Groups ask Obama to reverse policies restricting access to information

Transparency advocates are upset by Bush administration orders that give agencies more reasons to withhold documents from the public.

Government transparency groups are pressing President-elect Barack Obama to reverse a pair of Bush administration orders they argue hamper the public's right to obtain information under the Freedom of Information Act.

Officials at the Center for Democracy and Technology and OMB Watch said they could meet with transition team members as early as next week. They believe Obama has demonstrated his commitment to open government by posting transition-related information at, and by adding a "Your Seat at the Table" section, under which proceedings of meetings and documents shared between Obama's aides and outside groups are posted online and available for comment.

Over the last eight years, the federal government has become less open and less accountable, CDT Vice President Ari Schwartz said Tuesday.

FOIA requests have been granted at a dropping rate and agencies are taking advantage of exemptions to withhold documents, he said.

The catalyst was a 2001 memo by then-Attorney General John Ashcroft instructing agencies to withhold information by using such exemptions if an argument could be made to do so.

The order reversed a policy in place since 1993 when then-Attorney General Janet Reno directed agencies to disclose information unless it resulted in "foreseeable harm." A 2002 memo from former White House Chief of Staff Andrew Card, which focused on the development of weapons of mass destruction, created a category of "sensitive but unclassified" information to be withheld.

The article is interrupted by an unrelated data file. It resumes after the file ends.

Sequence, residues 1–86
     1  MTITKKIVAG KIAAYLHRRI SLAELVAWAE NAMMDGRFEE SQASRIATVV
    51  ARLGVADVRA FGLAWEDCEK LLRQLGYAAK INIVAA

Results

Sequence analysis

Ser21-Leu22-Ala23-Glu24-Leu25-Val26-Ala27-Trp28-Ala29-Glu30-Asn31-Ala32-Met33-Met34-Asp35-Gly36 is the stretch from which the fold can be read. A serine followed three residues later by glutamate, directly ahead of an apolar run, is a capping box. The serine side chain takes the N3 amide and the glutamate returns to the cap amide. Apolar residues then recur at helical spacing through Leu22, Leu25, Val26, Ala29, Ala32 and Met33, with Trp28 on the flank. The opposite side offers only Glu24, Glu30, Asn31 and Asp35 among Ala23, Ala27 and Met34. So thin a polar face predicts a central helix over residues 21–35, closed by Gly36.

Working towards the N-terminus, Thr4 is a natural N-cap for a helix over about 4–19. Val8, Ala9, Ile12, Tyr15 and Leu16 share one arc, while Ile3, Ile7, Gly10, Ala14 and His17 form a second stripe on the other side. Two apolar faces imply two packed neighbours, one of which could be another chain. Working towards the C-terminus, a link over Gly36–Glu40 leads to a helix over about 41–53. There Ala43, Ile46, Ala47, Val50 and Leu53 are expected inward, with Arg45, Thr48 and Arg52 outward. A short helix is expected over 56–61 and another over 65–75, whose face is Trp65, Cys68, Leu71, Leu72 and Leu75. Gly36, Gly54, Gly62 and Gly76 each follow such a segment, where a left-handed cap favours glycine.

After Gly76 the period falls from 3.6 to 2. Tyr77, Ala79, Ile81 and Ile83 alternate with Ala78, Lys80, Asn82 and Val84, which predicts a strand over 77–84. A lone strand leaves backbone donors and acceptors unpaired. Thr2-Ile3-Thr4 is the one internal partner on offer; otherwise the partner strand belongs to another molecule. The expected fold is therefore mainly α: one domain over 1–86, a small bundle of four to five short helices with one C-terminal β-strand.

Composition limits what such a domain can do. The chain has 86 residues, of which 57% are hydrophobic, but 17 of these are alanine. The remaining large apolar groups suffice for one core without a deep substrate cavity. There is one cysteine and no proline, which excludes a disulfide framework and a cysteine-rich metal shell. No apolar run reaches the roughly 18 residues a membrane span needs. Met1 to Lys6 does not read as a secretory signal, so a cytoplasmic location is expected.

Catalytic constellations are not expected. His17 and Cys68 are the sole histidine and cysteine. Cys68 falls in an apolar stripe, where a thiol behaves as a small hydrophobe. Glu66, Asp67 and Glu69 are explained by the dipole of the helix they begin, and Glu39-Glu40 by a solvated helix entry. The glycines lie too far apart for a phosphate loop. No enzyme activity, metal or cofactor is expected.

OMB Watch founder Gary Bass said reversing such policies is "totally consistent with the way the Obama team has operated."

Bass joined with more than 200 other individuals and organizations to submit a 112-page "right-to-know" agenda to the transition team last month.

"We want agencies to have a proactive, affirmative responsibility to disseminate," he said, adding, "FOIA requests should become the vehicle of last resort, not first resort."

Overturning the Card memo could be a "Day 1 activity" for Obama, Bass said, adding that the policy implemented by Ashcroft would require action by the new attorney general. That, he said, could easily occur in the first 100 days of the administration.

In March, Senate Judiciary Chairman Patrick Leahy and Sen. John Cornyn, R-Texas, introduced a bill to add transparency and accountability standards when Congress considers adding new FOIA exemptions to the law.

The bill, which has stalled, would require Congress to state its intention to provide for statutory FOIA exemptions in legislation.

The bill followed Bush's signing of a Leahy-Cornyn e-government bill that made the first changes to FOIA in more than a decade.

Rep. Brad Sherman, D-Calif., who has introduced legislation to speed up FOIA request processing, said Tuesday the Bush administration's policies have been "an affront to open, democratic government."

"The 'foreseeable harm' standard served this country quite well before John Ashcroft became attorney general," he said. With respect to the Card memo, he believes policymakers must be careful to ensure that no information is released that is potentially useful to those trying to construct WMDs.